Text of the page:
By Mike Donoghue
County Courier Correspondent

BARRE: More than 220 COVID-19 tests administered at the Barre Auditorium to Vermonters last Friday have been discarded by the state Health Department with no explanation.

Dr. Mark Levine, Vermont’s health commissioner, in an email to 224 patients on Monday evening, offered “sincere apologies to you” for the inability to get tests processed.

The individual emails for all the patients were visible in the mass email from the Health Department, raising serious medical privacy issues for the 224 strangers.  The patients reside from multiple counties, including Franklin County, not just Washington County where the tests were conducted. 

The state’s online portal for patients to view their results continued to list the tests as “pending” as of late on Monday evening, hours after the botched tests were announced.

Some of those receiving the 6:01 p.m. mass email clearly were unhappy.  Some used reply all to share their frustration with the other patients and in at least one case had doubt about the initial email.

“WTF is going on?  Is this for real or a hoax?,” asked one patient.
Another wrote to the group, “This is a HUGE HIPPA violation.  I should not be able to know over 200 strangers medical information.”   She added, “Nice to meet you all.”

HIPPA is a federal law designed to protect personal medical information from being shared.  It does not cover general statistics for COVID cases. 

“CC’d 224 people that their results got lost.  That doesn’t seem like the best way to do it. lol,” wrote one patient, “Somebody’s getting fired,” he later added.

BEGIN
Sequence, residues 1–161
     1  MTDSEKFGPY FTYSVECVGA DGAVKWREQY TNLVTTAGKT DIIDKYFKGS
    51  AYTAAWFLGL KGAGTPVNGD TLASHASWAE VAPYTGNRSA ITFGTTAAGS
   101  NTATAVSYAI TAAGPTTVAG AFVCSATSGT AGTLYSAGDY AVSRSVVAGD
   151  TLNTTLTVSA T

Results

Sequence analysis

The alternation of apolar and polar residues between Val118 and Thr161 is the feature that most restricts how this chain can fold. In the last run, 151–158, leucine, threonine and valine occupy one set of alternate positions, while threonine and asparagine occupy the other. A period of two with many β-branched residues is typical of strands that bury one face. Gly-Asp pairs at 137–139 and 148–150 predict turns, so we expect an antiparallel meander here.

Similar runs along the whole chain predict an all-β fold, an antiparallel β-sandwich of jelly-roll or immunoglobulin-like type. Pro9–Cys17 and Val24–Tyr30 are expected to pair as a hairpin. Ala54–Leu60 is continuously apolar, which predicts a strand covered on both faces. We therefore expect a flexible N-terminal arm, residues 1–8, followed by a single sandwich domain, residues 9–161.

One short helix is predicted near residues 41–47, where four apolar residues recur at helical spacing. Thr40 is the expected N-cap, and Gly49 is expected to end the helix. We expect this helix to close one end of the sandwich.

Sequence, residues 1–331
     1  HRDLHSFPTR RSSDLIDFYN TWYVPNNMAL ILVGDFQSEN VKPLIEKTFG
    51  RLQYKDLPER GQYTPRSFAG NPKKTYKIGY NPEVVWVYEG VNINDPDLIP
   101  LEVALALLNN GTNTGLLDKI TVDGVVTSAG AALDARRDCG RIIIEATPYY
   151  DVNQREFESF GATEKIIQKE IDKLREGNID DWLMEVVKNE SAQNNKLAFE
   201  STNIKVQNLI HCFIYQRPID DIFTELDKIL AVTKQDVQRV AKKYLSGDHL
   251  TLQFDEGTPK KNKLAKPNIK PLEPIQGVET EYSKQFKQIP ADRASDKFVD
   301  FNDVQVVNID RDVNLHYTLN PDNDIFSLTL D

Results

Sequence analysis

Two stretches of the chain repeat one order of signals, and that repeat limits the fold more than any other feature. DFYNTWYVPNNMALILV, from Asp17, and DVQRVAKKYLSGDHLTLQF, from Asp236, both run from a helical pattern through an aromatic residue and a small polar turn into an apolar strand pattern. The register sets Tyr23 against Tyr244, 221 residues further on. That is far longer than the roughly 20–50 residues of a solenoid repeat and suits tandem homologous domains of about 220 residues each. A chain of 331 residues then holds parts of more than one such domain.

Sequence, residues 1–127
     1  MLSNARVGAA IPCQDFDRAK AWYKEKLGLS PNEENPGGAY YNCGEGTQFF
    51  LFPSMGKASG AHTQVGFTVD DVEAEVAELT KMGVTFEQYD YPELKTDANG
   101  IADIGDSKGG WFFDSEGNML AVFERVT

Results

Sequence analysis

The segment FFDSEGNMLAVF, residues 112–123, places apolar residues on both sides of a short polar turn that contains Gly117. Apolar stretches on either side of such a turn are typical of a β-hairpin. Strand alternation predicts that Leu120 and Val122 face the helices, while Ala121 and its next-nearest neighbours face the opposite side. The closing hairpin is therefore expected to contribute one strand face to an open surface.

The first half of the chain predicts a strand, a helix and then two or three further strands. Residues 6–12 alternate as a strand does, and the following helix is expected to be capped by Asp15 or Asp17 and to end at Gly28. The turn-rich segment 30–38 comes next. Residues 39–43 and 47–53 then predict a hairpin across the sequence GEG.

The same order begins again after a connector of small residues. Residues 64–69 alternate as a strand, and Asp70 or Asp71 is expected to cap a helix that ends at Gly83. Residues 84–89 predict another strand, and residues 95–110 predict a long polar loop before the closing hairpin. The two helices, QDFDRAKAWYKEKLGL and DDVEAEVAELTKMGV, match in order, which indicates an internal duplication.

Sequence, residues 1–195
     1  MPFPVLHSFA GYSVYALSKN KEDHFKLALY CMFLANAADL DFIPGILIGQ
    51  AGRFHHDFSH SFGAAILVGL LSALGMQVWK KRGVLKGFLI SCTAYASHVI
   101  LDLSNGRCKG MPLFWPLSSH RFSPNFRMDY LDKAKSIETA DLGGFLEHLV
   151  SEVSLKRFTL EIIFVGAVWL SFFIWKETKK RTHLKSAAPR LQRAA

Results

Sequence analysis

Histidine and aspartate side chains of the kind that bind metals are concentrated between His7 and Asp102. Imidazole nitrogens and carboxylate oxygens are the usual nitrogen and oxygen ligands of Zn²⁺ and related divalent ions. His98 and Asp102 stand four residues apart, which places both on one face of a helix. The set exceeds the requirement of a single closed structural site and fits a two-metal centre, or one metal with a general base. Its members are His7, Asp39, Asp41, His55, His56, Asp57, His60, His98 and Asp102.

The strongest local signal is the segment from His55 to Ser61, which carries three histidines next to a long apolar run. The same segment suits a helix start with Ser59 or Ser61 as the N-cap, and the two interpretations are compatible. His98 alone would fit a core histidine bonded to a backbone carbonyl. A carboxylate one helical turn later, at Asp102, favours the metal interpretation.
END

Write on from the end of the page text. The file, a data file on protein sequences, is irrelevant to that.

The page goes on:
The County Courier has made a decision not to use any of the 224 patient names, even though a few agreed to their use during phone interviews on Monday evening.

Levine could offer no explanation in the initial email for the lost samples.   

Levine shortly after 8 p.m. sent another email offering an apology for the first wide-spread email.

“This was a gross error on our part, and one for which I apologize on behalf of the Health Department. The absolute privacy of your personal health information leads all our communication efforts,” he wrote.

“Unfortunately, what was a clerical error resulted in disclosure of your email address,” he explained. 

Levine never said who made the error and what, if any, discipline was planned.

Levine then attempted to downplay the incident.

“Please rest assured that the content of the email and the recipient address is all that was shared. No personal health information was disclosed,” the doctor wrote.

Earlier he offered few details about the original problem with the tests.

“Due to circumstances beyond our control with transporting your COVID test, taken on November 27th in Barre, the laboratory was unable to process your results,” Levine wrote initially to the 224 patients.

“We understand this situation is unacceptable,” he said.

“We are investigating the source of the problem and correcting any failures in the system to ensure that this never happens again,” Levine wrote.

One patient said it appeared the Vermont Health Department, which sent the original mass email at 6:01 p.m., had tried to recall that email at 6:27 p.m. 

Another patient that received the original email said she had canceled her appointment for Friday and went on Saturday.    She said she received word Monday morning she was negative, but then received the Monday evening email stating her non-existent test on Friday had been lost.
The group email also was copied to members of the Vermont Health Department’s Enhanced Testing Coordination Team.

Some of the email addresses used by the Health Department displayed full names of patients.  In other cases, the first initial and last name was used, and many had a name of a business to go with the names.  In other cases, they had local school district, including, U-32 in East Montpelier, Harwood Union in Duxbury, and Mount Abraham Union in Addison County.
Those tested included at least one of the following:  a town clerk, a state legislator, a lobbyist, a National Life employee, an athletic trainer, a newspaper publisher, and people using emails from the following schools, the University of Vermont, University of New Hampshire, Rhode Island School of Design, Worcester Polytechnic Institute and University of Kentucky. 

© County Courier 2020